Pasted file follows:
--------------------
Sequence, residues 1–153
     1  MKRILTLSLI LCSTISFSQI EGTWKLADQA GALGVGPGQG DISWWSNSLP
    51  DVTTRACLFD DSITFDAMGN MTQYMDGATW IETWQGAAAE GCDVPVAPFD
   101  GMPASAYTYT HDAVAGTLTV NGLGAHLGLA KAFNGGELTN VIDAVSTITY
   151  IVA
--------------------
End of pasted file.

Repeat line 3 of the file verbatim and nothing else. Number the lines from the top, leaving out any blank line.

    51  DVTTRACLFD DSITFDAMGN MTQYMDGATW IETWQGAAAE GCDVPVAPFD